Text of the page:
Bangabandhu Sheikh Mujibur Rahman had much doubt about the eventual survival of the 2-wing Pakistan. On August 15, 1947, the leader was staying at his 'Baker Hostel' in Kolkata. The British colonial government divided its Indian colony between Pakistan and India at 12 and 12:01 midnight on August 14 and 15. The next morning, on Aug 15, Sheikh Mujib, then a young leader in Awami Muslim League, told his co-politicians, "Friends, Pakistan has been created. Let's go back to Dhaka and see how long can we get along with West Pakistan." Bangabandhu, as a politician with extraordinary foresight could sense that the new-born state would not last longer thanks to the excesses feared to be resorted to by West Pakistan's oligarchic rulers, later backed by military.
What Sheikh Mujib had dreamt of was a pure federal state of Pakistan with its units enjoying freedom in all internal affairs except in defence and foreign policy. The leader's disillusionment started at the very first constituent assembly in Karachi in 1948, where the West Pakistani members apparently dithered on the question of recognition to Bangla as the state language. Let's cut to Mohammad Ali Jinnah's arrogant stance on Urdu at a Dhaka public meeting and a university function, the vehement protests by Dhaka University students, the 1952 blood-soaked Language Movement, the dismissal of the 1954 United Front Government in East Bengal after just two months, the declaration of Martial Law, and the mass upsurge in 1969 after the adoption of the 6-point demands in 1966 as the key to autonomy for East Bengal (East Pakistan), Sheikh Mujib's release from jail, and transfer of power to General Yahya Khan in 1969. After a series of fraught sequences, the denouement came in the form of winning the majority of national assembly seats by Awami League in the much-awaited 1970 national election. The whole nation, especially the Bengalees in East Pakistan, was waiting to see their dream come true --- the long oppressed East Pakistanis at the helm of Pakistan, the central government led by Bangabandhu Sheikh Mujibur Rahman. The National Assembly was called on March 3, 1971. The President of Pakistan Yahya Khan was supposed to be on way to Dhaka on March 1. Just at that time hell broke loose, with things going upside down. President Yahya cancelled his visit to Dhaka as the first assembly of Pakistan was postponed for an indefinite period.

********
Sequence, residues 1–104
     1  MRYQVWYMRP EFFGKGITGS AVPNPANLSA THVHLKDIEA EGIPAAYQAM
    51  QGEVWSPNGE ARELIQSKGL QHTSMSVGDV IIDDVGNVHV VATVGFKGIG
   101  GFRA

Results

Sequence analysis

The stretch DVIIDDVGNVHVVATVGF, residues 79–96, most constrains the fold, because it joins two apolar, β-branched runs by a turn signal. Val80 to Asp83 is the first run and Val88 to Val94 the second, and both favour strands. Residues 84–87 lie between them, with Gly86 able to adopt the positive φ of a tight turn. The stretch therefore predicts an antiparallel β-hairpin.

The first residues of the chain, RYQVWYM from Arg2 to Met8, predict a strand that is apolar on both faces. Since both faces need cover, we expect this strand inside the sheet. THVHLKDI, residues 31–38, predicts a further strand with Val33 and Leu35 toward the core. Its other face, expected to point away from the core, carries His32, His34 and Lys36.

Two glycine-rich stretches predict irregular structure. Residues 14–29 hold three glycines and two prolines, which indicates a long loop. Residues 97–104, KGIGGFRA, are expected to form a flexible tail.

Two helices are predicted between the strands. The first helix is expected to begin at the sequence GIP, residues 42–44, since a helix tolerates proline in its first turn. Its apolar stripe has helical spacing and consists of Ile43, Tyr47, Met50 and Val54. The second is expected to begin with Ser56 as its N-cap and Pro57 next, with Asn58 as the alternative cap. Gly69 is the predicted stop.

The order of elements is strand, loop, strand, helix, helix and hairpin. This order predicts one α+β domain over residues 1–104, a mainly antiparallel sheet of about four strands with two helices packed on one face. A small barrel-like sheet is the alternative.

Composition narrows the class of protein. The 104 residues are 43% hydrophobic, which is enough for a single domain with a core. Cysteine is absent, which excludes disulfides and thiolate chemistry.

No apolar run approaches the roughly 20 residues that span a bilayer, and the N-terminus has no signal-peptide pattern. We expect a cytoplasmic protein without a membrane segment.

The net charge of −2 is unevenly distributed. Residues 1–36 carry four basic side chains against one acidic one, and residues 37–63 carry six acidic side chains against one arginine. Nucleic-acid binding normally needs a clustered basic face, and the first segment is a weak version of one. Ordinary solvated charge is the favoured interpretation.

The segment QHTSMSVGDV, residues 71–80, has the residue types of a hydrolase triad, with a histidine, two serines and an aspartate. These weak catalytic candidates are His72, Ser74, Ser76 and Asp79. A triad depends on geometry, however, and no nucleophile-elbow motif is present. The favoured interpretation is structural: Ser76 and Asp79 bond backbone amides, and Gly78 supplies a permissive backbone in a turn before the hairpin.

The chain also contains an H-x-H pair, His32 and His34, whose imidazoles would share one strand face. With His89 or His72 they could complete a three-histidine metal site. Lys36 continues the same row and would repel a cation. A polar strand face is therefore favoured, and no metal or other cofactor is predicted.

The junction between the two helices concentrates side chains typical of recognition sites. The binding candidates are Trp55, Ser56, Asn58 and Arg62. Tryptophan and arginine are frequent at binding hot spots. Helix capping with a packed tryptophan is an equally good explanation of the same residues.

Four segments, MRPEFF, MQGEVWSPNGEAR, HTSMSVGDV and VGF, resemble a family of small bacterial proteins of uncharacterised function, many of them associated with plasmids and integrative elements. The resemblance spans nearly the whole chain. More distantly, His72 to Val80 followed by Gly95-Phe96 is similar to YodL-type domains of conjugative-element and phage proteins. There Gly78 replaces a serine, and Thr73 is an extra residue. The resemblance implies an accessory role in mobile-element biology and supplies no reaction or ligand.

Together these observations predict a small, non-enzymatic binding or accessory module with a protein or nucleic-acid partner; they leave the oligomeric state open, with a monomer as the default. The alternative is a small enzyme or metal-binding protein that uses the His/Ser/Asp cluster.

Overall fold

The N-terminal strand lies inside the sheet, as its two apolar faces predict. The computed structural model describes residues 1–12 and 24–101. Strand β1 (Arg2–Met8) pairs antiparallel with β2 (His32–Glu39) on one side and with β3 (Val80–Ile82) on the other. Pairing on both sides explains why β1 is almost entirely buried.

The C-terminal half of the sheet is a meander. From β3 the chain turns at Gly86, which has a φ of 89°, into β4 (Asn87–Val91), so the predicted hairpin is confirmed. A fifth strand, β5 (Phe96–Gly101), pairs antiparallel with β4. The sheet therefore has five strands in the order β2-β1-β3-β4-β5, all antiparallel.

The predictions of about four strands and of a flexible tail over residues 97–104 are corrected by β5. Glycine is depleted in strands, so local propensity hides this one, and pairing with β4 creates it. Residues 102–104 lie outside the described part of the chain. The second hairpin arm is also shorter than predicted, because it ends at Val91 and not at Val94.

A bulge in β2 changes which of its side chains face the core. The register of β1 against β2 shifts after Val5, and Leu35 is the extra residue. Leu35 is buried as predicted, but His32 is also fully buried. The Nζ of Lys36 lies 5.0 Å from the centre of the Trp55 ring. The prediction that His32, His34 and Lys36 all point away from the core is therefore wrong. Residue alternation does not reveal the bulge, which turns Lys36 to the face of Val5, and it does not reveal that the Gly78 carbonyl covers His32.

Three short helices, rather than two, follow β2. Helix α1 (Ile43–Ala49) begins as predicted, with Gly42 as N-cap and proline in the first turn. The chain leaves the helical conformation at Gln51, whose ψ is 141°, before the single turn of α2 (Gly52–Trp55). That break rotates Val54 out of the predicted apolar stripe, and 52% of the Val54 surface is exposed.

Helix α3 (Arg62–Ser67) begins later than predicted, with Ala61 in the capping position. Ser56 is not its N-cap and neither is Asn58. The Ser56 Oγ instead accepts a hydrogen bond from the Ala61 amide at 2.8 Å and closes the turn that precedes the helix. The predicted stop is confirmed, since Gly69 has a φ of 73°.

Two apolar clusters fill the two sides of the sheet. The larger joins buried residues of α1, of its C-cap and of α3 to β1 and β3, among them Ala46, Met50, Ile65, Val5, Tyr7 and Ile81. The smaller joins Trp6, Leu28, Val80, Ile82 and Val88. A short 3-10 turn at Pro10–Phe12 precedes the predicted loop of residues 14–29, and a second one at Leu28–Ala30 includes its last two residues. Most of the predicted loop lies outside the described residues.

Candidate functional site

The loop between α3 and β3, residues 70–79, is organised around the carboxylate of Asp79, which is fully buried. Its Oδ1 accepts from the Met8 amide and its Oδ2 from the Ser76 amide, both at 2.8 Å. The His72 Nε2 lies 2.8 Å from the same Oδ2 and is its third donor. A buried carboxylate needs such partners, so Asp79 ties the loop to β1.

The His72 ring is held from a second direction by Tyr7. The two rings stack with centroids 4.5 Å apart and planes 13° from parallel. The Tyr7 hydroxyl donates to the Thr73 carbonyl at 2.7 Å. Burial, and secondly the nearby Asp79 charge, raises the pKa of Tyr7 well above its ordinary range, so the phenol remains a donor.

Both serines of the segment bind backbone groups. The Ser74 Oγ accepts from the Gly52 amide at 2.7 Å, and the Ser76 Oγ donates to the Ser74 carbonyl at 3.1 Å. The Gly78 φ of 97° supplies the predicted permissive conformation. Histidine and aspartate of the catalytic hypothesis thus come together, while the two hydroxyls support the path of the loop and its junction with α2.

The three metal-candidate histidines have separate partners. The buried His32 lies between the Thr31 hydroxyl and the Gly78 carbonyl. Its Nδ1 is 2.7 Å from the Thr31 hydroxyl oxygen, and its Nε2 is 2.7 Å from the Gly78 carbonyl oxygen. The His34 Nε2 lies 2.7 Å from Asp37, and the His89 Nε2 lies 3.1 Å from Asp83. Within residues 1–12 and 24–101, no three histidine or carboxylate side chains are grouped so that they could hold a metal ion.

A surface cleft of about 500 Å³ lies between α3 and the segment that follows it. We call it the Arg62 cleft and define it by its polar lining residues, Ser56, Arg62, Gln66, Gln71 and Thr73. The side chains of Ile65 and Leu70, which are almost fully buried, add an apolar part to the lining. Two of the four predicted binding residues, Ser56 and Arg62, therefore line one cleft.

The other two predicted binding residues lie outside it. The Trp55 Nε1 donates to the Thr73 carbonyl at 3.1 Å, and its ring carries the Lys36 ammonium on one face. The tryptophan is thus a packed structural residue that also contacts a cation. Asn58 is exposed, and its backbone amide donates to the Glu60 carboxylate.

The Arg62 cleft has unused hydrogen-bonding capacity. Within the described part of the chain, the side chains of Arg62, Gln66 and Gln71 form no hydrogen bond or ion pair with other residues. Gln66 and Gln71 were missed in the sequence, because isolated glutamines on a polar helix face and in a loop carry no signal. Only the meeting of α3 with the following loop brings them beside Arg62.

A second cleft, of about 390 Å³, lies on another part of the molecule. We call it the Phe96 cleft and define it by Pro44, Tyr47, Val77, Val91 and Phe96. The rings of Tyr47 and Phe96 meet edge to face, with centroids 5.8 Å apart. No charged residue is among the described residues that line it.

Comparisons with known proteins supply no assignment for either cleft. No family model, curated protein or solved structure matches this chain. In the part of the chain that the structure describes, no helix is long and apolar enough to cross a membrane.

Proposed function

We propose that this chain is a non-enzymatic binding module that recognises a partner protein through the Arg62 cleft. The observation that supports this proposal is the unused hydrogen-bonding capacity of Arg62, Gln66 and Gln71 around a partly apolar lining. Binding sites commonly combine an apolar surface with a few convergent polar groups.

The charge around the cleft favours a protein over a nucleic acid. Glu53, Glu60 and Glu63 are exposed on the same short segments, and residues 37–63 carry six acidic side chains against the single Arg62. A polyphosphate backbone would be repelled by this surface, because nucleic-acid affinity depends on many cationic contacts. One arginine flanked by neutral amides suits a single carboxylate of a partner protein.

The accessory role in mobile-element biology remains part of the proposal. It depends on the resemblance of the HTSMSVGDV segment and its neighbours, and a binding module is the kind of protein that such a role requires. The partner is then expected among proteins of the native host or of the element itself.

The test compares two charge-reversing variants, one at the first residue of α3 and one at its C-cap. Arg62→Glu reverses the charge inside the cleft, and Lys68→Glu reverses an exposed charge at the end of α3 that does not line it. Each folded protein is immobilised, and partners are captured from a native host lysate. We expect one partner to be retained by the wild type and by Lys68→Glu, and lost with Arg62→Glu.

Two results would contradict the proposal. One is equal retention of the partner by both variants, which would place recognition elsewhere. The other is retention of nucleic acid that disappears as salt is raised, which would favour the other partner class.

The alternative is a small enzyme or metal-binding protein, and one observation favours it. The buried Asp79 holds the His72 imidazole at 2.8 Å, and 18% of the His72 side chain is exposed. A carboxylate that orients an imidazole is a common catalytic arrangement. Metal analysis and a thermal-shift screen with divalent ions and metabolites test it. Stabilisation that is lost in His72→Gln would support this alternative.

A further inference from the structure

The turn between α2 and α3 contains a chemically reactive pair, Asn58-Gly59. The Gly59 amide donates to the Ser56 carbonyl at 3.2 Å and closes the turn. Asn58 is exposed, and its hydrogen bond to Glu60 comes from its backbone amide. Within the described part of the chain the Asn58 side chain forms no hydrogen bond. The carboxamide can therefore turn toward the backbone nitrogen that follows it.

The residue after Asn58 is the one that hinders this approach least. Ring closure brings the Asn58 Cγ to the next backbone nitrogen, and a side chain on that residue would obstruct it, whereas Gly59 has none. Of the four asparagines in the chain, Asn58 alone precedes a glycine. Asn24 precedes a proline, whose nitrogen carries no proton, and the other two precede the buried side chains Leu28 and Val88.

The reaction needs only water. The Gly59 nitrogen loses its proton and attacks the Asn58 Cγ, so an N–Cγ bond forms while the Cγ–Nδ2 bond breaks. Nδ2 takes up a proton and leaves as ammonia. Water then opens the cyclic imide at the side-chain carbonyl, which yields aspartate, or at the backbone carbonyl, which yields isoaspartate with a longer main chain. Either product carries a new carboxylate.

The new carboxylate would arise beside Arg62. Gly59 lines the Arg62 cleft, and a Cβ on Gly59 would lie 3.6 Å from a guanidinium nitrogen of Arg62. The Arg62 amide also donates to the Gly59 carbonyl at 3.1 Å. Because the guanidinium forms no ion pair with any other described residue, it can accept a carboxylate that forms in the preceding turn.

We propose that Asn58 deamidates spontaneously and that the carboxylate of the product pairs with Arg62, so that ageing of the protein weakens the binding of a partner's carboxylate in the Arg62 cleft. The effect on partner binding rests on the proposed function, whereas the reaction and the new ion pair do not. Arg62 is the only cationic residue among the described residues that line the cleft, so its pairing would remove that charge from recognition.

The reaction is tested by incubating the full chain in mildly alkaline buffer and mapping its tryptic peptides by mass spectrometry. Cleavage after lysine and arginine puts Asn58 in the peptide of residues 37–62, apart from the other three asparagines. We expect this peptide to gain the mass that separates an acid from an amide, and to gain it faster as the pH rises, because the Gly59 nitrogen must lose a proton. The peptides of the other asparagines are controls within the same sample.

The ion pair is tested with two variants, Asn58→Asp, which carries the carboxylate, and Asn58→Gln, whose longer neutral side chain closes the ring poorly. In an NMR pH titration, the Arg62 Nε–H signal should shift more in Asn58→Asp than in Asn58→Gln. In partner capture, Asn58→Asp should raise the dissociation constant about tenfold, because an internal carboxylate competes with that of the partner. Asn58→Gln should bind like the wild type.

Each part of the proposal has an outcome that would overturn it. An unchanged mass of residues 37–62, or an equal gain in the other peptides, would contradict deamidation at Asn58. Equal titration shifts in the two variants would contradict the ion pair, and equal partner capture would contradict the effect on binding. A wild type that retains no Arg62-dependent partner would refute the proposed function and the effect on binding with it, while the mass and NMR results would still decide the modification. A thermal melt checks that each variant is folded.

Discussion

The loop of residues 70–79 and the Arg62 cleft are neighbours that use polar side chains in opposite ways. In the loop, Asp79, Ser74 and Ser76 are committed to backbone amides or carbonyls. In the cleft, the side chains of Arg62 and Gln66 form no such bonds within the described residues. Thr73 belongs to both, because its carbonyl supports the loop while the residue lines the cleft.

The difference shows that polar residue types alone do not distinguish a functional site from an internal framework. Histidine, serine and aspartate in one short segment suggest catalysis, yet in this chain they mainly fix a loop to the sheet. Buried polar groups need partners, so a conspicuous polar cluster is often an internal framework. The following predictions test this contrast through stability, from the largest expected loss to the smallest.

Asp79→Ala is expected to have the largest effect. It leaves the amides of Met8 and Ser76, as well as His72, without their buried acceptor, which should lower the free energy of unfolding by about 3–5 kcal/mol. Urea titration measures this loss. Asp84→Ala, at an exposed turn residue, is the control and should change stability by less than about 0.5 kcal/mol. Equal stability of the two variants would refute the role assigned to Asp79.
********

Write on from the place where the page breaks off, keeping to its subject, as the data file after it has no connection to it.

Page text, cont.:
Bangabandhu Sheikh Mujib's reaction was one of being stunned. After some time it turned into anger. He just said history will follow its own course. Bangabandhu controlled himself and called an emergency meeting of the leaders of his party and other parties. The leader announced a programme for one whole week. That included non-stop 'hartal' up to 6 March. Meanwhile, the whole Bangladesh burst into protests and anger. On March 5, a new slogan was heard --- "We have ditched the 6-point demands. Now we have only one demand, which is independence." The leader of the Bengalees had already said that on 7th March he would address a public meeting at the then Race Course ground.
Sheikh Mujib valued freedom more than his life. The Bengalee race has shown its love for freedom through ages. Perhaps due to this the foreign invaders which have overrun Bangladesh displayed restraint and circumspection while dealing with the people of Bengal. They knew well if they hadn't stood in the way of these people's freedom of all kinds, they could expect a peaceful co-existence. Poets and bards have never stopped paying tribute to the state of freedom. A Bengalee poet wrote more than a hundred years ago, "Swadhinata-hinotay ke bachitey chay hey, ke bachitey chay …" (Who finds a life worth living without freedom, tell me who …)
Free nations can hardly realise the agony of being in bondage. The state of subjugation is the severest of ordeals humans can be subject to. Thanks to this human condition, man has been struggling to remain free and independent for ages. But the quarters and powers which keep man subjugated care little to feel the pains of people in chain.